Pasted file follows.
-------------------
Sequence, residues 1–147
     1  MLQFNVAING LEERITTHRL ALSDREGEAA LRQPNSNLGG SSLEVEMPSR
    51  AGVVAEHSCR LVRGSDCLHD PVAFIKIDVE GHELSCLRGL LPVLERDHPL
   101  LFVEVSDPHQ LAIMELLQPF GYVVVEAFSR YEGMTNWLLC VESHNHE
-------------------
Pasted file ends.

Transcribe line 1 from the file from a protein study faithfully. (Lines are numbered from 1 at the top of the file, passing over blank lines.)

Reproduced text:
Sequence, residues 1–147